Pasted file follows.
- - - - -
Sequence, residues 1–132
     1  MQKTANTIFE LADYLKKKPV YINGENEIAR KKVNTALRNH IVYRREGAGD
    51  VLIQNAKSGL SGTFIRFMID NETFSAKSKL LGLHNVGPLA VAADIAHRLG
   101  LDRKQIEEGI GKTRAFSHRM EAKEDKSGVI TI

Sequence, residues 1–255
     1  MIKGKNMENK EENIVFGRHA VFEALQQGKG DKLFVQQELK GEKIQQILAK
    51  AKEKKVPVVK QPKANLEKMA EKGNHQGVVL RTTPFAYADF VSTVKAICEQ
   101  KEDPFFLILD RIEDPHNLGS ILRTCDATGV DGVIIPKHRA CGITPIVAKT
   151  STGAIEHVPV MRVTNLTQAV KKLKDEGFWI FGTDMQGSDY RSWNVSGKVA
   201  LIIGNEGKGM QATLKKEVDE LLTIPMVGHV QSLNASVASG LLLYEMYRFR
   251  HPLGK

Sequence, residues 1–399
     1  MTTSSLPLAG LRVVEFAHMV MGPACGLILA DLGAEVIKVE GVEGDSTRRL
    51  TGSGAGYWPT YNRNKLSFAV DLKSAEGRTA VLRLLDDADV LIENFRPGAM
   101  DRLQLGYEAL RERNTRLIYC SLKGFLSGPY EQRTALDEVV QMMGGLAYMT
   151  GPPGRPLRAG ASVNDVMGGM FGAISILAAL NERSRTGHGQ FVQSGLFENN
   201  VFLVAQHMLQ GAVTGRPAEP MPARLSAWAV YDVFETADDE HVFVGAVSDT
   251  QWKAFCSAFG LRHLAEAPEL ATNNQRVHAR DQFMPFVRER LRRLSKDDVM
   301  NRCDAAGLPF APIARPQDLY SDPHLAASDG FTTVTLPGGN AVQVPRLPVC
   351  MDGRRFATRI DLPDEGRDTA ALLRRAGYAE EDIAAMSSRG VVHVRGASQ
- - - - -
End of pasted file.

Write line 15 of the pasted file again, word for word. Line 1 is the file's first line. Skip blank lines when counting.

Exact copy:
   101  DRLQLGYEAL RERNTRLIYC SLKGFLSGPY EQRTALDEVV QMMGGLAYMT